Market participants have been keyed in on the Fed’s intentions regarding rates as well as the $3.8 trillion in bonds the central bank is holding on its balance sheet. The central bank began reducing the portfolio in October 2017 by allowing a capped level of proceeds to roll off each month, and officials have tried to assure the markets that the process should go on seamlessly.

However, investors have gotten nervous that the Fed would allow the reduction to continue even if financial conditions tightened. The statement from the minutes echoes recent comments from several Fed officials that the program likely will end before the conclusion of the year as bank reserves fall to a level with which regulators and financial institutions feel comfortable.


Company: cnbc, Activity: cnbc, Date: 2019-02-20  Authors: jeff cox
Keywords: news, cnbc, companies, federal, notes, bank, sees, fed, reduction, officials, risks, central, reserves, sheet, market, minutes, balance, ending, uncertainties


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Japan’s central bank says it’s ready to ramp up stimulus if a strong yen derails inflation target

Bank of Japan Governor Haruhiko Kuroda said on Tuesday the central bank was ready to ramp up stimulus if sharp yen rises hurt the economy and derail the path towards achieving its 2 percent inflation target. “If (currency moves) are having an impact on the economy and prices, and if we consider it necessary to achieve our price target, we’ll consider easing policy,” he said. Kuroda made the remarks in response to a question by an opposition lawmaker on whether the BOJ had the necessary tools to


Bank of Japan Governor Haruhiko Kuroda said on Tuesday the central bank was ready to ramp up stimulus if sharp yen rises hurt the economy and derail the path towards achieving its 2 percent inflation target. “If (currency moves) are having an impact on the economy and prices, and if we consider it necessary to achieve our price target, we’ll consider easing policy,” he said. Kuroda made the remarks in response to a question by an opposition lawmaker on whether the BOJ had the necessary tools to
Japan’s central bank says it’s ready to ramp up stimulus if a strong yen derails inflation target Cached Page below :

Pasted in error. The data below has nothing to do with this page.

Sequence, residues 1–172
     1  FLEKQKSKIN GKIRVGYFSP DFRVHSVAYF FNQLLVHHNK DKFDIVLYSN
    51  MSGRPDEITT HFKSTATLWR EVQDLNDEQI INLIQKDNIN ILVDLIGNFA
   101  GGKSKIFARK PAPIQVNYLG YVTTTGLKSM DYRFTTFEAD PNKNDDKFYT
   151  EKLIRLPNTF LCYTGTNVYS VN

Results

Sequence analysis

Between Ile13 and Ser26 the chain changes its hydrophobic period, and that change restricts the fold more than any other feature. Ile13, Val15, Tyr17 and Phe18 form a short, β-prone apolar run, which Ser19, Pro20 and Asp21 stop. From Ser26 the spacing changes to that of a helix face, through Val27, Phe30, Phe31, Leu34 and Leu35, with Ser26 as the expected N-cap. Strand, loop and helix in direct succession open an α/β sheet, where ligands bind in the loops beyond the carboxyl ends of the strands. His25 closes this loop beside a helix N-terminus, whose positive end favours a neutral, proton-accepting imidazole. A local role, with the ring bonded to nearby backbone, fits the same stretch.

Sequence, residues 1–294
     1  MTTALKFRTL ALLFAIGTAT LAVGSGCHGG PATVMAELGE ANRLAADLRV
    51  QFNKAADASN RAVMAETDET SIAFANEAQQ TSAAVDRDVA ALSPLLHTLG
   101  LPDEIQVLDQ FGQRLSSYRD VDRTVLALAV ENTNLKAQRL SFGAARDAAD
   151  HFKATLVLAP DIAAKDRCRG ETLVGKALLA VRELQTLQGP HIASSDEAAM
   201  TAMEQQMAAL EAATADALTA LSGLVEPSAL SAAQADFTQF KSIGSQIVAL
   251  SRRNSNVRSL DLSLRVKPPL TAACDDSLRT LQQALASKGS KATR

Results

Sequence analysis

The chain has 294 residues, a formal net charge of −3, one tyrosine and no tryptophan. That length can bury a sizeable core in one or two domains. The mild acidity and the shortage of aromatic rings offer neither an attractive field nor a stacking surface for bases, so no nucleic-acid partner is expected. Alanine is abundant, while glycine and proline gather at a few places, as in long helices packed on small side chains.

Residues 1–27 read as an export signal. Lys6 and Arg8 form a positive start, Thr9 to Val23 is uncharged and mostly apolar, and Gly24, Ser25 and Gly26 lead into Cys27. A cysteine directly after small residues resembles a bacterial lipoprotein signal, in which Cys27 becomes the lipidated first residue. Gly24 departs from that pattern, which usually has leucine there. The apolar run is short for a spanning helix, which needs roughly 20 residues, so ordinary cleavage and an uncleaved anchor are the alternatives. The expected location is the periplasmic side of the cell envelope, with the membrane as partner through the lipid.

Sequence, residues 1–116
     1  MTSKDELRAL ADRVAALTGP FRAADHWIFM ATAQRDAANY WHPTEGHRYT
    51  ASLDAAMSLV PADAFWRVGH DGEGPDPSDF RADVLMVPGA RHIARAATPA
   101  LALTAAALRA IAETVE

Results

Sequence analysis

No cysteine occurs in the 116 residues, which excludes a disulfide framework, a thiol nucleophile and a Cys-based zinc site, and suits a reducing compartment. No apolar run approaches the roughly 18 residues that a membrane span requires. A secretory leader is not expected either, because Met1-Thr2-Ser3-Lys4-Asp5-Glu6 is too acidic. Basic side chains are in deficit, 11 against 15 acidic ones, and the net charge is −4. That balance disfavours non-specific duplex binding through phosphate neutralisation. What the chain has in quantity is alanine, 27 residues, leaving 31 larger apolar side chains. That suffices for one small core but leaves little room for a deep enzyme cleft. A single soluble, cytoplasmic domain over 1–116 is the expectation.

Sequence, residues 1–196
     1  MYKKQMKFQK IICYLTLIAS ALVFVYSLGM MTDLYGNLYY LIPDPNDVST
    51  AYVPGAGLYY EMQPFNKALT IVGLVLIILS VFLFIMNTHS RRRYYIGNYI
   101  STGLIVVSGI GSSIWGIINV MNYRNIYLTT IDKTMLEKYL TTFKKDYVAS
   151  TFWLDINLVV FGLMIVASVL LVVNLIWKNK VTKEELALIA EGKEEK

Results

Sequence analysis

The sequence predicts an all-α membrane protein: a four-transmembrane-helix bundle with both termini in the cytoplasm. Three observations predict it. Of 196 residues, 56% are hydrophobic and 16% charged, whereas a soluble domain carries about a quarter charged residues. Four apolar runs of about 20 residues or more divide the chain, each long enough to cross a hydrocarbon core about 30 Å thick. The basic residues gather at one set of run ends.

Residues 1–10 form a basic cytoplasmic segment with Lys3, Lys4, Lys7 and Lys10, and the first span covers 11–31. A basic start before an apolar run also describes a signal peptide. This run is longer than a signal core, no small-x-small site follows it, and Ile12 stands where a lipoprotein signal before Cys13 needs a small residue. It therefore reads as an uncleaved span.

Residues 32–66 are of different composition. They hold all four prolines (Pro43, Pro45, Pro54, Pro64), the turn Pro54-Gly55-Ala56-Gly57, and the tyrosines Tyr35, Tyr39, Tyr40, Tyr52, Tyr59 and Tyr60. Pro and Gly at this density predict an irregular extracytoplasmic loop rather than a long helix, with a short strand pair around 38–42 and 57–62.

Company: cnbc, Activity: cnbc, Date: 2019-02-19  Authors: akio kon, bloomberg, getty images
Keywords: news, cnbc, companies, remarks, inflation, tools, policy, central, yen, derails, sharp, ramp, economy, ready, japans, target, stimulus, easing, boj, impact, strong


Japan's central bank says it's ready to ramp up stimulus if a strong yen derails inflation target

Bank of Japan Governor Haruhiko Kuroda said on Tuesday the central bank was ready to ramp up stimulus if sharp yen rises hurt the economy and derail the path towards achieving its 2 percent inflation target.

But he said the BOJ would carefully weigh the benefits and costs of any further policy easing, suggesting that the hurdle for topping up stimulus would be high given how financial institutions’ profits have been hurt by years of near-zero interest rates.

“Currency moves could have an impact on the economy and prices, so it’s crucial we take into account these factors when guiding monetary policy,” Kuroda told parliament.

“If (currency moves) are having an impact on the economy and prices, and if we consider it necessary to achieve our price target, we’ll consider easing policy,” he said.

Kuroda made the remarks in response to a question by an opposition lawmaker on whether the BOJ had the necessary tools to boost stimulus to counter the pressure from a sharp yen rise.

The dollar received a mild lift versus the yen after Kuroda’s remarks. It stood little changed at 110.655 yen after dipping as low as 110.45 earlier in the day.

Kuroda repeated that possible monetary easing tools the BOJ could deploy included cutting short- and long-term interest rates, expanding asset buying or accelerating the pace of money printing.

“Whatever we do, however, we need to carefully balance the benefits and the costs of the step such as the impact on financial intermediation and market functioning.”


Company: cnbc, Activity: cnbc, Date: 2019-02-19  Authors: akio kon, bloomberg, getty images
Keywords: news, cnbc, companies, remarks, inflation, tools, policy, central, yen, derails, sharp, ramp, economy, ready, japans, target, stimulus, easing, boj, impact, strong


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France is well placed to take the ECB’s top job after Draghi

Undoubtedly the biggest question for the future of the euro this year is who’s going to be the next president of the European Central Bank (ECB). President Mario Draghi ends his eight-year mandate in October and market players are anxious to know what direction the central bank will take when his tenure finishes. European officials have told CNBC that a French candidate is well placed to get the top job, but much depends on the upcoming European elections and the subsequent distribution of roles